Hon Phil Goff
Minister of Justice
11 July 2001
Compensation payment for David Dougherty
Justice Minister Phil Goff announced today that Cabinet has accepted a recommendation that $868,728.80 be paid to David
Dougherty as compensation for his conviction and more than three years imprisonment for a crime he did not commit.
"David Dougherty was convicted in 1993 for abduction and rape of an 11-year-old girl. He was subsequently acquitted on
retrial in 1997 when it was found that DNA evidence left on the girl's clothing could not have come from Mr Dougherty
but belonged to another man.
"Stuart Grieve QC was commissioned to assess Mr Dougherty's eligibility in accordance with the interim criteria
established in 1997. Mr Grieve confirmed that Mr Dougherty was innocent of the charges and recommended that $868,728.80
should be paid to compensate for the losses and suffering incurred because of a wrongful conviction.
"The Government acknowledges the wrong done to Mr Dougherty and what he suffered as a consequence.
"Pecuniary losses were assessed by Mr Grieve as $168,728.80 in lost income and the legal and other costs incurred by his
"Non-pecuniary losses including loss of liberty, loss of reputation, loss or interruption of family and other personal
relationships and mental and emotional harm were assessed at $700,000.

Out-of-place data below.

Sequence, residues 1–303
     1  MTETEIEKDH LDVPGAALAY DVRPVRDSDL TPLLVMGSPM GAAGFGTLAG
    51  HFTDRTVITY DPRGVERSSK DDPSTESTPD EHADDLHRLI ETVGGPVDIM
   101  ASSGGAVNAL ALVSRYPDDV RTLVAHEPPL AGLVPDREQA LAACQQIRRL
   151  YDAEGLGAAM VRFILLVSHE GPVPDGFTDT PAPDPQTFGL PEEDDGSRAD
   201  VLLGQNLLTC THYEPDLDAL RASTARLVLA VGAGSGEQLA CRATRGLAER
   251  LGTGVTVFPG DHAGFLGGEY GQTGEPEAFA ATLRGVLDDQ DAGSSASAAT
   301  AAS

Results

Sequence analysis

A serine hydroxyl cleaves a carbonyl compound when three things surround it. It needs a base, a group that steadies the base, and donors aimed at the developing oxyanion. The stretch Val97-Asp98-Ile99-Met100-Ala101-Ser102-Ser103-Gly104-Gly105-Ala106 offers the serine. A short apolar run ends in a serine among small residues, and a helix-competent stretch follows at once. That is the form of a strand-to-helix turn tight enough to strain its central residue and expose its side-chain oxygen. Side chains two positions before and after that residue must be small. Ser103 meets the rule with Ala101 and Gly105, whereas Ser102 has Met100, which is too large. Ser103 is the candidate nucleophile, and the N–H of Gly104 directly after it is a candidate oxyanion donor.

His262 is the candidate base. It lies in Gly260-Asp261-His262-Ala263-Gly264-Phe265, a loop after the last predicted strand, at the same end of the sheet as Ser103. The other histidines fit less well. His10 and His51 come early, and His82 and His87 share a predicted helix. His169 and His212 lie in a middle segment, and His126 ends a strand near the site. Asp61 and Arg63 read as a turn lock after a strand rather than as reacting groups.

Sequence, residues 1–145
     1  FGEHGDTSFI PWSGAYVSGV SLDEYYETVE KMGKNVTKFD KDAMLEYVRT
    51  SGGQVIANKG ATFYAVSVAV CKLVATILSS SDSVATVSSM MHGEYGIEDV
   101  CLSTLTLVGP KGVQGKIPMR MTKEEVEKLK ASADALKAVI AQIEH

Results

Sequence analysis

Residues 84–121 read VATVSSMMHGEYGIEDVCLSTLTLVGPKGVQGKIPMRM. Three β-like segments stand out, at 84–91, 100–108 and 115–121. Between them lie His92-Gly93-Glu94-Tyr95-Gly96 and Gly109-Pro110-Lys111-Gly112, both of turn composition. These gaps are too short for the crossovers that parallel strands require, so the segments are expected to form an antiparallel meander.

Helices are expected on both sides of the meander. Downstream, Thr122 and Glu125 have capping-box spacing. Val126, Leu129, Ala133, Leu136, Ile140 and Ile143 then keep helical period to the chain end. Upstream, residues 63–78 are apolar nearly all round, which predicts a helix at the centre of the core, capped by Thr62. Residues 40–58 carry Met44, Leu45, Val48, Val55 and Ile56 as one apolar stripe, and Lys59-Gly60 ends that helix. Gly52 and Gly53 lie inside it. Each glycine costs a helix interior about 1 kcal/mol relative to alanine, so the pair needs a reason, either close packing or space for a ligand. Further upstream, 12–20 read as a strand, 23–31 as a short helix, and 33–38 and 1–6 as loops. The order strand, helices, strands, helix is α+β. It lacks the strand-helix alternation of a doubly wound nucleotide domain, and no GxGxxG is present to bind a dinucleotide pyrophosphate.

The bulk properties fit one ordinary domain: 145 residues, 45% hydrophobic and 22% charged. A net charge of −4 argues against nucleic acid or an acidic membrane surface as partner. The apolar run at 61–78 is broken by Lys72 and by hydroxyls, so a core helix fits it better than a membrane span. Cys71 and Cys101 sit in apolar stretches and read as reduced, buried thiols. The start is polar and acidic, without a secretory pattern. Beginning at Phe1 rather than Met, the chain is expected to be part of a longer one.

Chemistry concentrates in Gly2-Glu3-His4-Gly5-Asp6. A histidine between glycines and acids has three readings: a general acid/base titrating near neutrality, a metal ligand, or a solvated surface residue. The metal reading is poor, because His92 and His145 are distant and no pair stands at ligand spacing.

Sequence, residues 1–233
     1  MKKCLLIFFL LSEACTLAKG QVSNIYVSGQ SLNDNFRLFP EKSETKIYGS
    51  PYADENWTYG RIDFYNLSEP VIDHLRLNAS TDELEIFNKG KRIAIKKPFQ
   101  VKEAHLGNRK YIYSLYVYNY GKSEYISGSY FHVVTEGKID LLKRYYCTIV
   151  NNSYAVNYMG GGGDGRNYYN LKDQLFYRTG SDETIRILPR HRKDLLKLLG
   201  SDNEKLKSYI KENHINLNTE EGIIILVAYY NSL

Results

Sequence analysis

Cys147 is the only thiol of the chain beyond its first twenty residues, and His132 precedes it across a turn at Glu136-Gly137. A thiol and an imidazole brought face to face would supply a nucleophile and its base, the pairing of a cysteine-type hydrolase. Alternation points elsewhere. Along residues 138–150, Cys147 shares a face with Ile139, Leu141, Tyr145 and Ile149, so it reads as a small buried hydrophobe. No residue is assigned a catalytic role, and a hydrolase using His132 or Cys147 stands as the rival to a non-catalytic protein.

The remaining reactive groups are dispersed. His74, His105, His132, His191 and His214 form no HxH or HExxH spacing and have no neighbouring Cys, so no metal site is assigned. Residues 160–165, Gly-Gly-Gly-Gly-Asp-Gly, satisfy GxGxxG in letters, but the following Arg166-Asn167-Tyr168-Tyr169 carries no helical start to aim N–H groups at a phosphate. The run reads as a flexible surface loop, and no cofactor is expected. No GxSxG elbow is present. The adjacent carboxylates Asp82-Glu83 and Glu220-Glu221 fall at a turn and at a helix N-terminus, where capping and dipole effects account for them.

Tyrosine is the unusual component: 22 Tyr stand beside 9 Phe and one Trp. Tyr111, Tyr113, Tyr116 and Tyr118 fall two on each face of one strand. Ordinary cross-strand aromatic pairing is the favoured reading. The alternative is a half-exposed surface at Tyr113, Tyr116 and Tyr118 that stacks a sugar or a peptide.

"Calculations of this sum took into account that no aspect of the investigations carried out by the Police and ESR could
be regarded as aggravating or contributing to the wrongful conviction and detention of Mr Dougherty. The convictions
were the result of the mistaken identification of Mr Dougherty by the complainant.
"The amount payable was also reduced to take account of Mr Dougherty's previous convictions and imprisonment in line
with New Zealand case law on false imprisonment. It should be noted however that the offences for which he had
previously been convicted were less serious and did not involve sexual or violent offending.
"We are fortunate in New Zealand that by and large we enjoy a criminal justice system which operates fairly and
"However, mistakes are possible in any system which relies on human judgement. When such mistakes are made and result in
wrongful imprisonment, it is our responsibility as a society to acknowledge that wrong and to endeavour to set things
right including by payment of fair compensation.
"I acknowledge and apologise to Mr Dougherty for the wrong done to him. Mr Dougherty was entirely innocent of the crime
for which he was convicted and imprisoned. The payment made to him is a practical expression of society's obligation to
make up for what he lost and what he has suffered.
"There is however, no simple answer as to how much compensation should be paid for wrongful conviction and imprisonment.
"On one hand the impact on a persons life is traumatic and cannot be minimised. At the same time, it is important to
remember that others adversely affected by the criminal justice system such as those acquitted of offences, and victims
frequently receive no compensation at all. The additional guidelines which will apply in future aim to strike an
appropriate balance and give some certainty about the amounts which will be awarded as compensation for wrongful
"Such payments will be in line with previous court decisions and are likely to be less generous than the two cases
"Payment of the compensation will be conditional on this being in full settlement of any claims arising out of Mr
Dougherty's wrongful conviction and imprisonment," Mr Goff said.
The Minister will publicly release Mr Grieve's report once the Ministry of Justice has made any deletions necessary due
to privacy considerations. This process is expected to be completed by next week.